Epocrates has been my go-to drug guide since medical school. It has changed a lot since then, but remains one of the friendliest, fastest drug guides available. If you simply want a free drug guide, Epocrates remains an excellent option. However, there really is no such thing as a free lunch. Epocrates has a close relationship with pharma, as we have highlighted previously, “Why free medical apps aren’t really free“. They are now also owned by an insurance company, Athenahealth. We have written about 3 alternatives to Epocrates for physicians as well.
But what about evidence based medicine when prescribing to our patients? The drug dosing in the apps are not what I would term “evidence-based”, but rather what is approved by the FDA and other regulatory authorities. In the 1990’s, providers in the US began what they termed academic detailing.
Taking the Big Pharma “detailing” method, but using evidence based medicine as the message. This model was further developed by family physicians in Canada who began to “academically detail” their colleagues on comparative drug dosing. Over the years, this became RxFiles which is available as a website, pocketbook, large table book and mobile apps. Recently, they launched RxFiles + which combines access to their website along with their mobile apps. The app provides over 180 charts of comparative drug prescribing and numerous tables on medical conditions divided into common specialty categories. Using these tables takes some practice. The RxFiles website contains this orientation video:
You are in the middle of a busy clinic and have several key decisions to make regarding prescriptions for a patient newly diagnosed with Type II diabetes. You recall recommendations for glucose lowering agents, statins and ACE inhibitors, but which ones? Also the patient wants to quit smoking and wants to know what you recommend. Let’s take a look at RxFiles + in action.
Evidence based medicine
The app contains “pure” evidence based medicine–RR, OR, NNT, NNH for numerous medications across multiple specialty areas. The company does not accept any industry funding and is based on “academic detailing” techniques developed by providers in the US and Canada.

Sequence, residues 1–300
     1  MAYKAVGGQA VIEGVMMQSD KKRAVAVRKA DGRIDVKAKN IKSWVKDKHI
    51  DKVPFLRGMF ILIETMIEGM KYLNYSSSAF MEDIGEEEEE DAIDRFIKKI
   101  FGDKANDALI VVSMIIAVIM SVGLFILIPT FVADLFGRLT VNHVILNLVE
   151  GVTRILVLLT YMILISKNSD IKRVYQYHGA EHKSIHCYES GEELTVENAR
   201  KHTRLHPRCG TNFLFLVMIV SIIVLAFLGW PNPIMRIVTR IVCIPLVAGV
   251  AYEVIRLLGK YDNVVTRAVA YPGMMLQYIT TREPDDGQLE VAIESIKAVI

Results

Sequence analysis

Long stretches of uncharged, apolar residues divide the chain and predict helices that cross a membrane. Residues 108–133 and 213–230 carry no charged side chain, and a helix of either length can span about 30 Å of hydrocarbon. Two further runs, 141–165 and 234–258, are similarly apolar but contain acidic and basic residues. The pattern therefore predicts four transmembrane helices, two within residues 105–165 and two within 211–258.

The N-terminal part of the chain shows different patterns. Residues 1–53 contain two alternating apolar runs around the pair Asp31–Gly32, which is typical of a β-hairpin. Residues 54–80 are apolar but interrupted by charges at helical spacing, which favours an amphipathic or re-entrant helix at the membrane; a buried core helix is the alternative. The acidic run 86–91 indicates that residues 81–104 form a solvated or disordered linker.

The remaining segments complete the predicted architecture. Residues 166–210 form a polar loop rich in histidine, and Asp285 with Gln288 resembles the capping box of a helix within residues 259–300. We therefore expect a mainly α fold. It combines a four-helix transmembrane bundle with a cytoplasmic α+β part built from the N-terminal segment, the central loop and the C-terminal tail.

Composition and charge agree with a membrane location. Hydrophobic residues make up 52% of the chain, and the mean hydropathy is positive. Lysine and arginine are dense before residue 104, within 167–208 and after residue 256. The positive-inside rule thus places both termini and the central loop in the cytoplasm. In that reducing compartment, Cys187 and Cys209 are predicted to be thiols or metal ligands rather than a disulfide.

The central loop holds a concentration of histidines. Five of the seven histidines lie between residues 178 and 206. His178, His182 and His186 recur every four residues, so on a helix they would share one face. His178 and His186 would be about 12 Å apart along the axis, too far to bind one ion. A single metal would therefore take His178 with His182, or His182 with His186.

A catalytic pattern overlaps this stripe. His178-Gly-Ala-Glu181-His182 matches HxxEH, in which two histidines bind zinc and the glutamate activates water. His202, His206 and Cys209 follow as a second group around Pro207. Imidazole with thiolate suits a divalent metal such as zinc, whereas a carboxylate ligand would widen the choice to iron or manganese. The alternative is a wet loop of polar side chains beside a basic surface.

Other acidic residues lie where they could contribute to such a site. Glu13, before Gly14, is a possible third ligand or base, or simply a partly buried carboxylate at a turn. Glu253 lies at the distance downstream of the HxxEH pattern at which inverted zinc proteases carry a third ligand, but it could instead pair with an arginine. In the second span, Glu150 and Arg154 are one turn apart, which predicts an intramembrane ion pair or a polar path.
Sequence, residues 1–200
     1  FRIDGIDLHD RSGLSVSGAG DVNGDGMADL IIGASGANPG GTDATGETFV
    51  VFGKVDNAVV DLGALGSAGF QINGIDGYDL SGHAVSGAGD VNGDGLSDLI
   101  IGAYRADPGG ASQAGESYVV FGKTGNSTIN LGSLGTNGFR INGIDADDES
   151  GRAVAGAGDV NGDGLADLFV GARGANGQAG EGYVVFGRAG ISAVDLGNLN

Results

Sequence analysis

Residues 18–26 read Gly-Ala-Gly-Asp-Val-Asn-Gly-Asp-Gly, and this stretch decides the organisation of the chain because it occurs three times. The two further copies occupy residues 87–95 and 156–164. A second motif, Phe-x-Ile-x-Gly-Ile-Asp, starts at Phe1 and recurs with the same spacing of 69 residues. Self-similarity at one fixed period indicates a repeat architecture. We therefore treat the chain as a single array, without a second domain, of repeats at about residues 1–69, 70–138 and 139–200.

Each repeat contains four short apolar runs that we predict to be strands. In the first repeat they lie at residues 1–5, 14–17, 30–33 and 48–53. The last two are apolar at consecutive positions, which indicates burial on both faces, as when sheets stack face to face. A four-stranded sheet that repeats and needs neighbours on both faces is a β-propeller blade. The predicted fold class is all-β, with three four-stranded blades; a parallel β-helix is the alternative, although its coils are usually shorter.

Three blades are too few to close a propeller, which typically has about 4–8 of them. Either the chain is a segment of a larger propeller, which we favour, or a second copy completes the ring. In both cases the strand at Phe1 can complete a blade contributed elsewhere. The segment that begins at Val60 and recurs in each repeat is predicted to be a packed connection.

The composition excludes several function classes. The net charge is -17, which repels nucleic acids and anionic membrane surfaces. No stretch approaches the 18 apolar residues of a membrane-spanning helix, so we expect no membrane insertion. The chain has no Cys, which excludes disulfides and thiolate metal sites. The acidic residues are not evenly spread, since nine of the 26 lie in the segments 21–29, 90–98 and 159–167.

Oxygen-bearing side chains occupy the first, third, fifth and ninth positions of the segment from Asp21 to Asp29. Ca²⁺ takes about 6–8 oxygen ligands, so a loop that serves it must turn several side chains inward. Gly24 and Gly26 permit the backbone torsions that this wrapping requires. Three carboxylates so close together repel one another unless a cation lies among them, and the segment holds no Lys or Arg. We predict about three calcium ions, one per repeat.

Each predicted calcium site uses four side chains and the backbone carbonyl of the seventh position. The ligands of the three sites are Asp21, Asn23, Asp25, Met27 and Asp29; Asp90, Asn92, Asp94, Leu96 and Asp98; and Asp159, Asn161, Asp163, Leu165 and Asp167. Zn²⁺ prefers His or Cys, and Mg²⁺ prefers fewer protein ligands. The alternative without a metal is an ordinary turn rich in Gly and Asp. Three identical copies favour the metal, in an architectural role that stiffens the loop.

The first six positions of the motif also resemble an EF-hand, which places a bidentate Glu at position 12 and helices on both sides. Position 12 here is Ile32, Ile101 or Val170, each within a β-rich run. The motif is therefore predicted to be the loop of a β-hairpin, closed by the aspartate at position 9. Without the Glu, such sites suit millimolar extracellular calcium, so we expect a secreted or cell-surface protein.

What providers would benefit from this App?
Students, nurses, PA, NP, Primary Care physicians, pharmacists and any provider who prescribes medications on a regular basis and is interested in evidence based medicine.
Disclaimer: The views expressed are those of the author(s) and do not reflect the official policy of the Department of the Army, the Department of Defense or the U.S. Government.
- $59.00/year or $99.00 for 2 years (Canadian dollars). Free subscription for Saskatchewan health professionals.
- Contains numerous high quality concise comparative drug charts.
- Evidence based terminology; true academic detailing.
- Subscription includes access to all website content.
- Charts can be VERY busy and challenging to read on small device.
- Some abbreviations/symbols are challenging to decipher.
- No links to website information/resources from within app.
An interesting combination of drug guide and evidence based medicine in “chart” form. The app will benefit a wide range of medical providers and may change the way many of us prescribe pharmaceuticals. The app is hindered somewhat by its very detailed/overly busy interface.
- Overall Score
- User Interface
Simple, chart based comparative drug information, but VERY busy.
- Multimedia Usage
The app is updatable with new charts as they are released and the subscription allows full access to the RxFiles website, but you cannot access the website information from within the app.
Reasonably priced as the subscription packages give access to the mobile app and website.
- Real World Applicability
If providers will take the time to decipher the busy charts, they will discover a wealth of prescriber pearls that are evidence based and free of bias.
- Device Used For Review
iPhone 6S running iOS 9.1
- Available for DownloadAndroidiPhoneiPad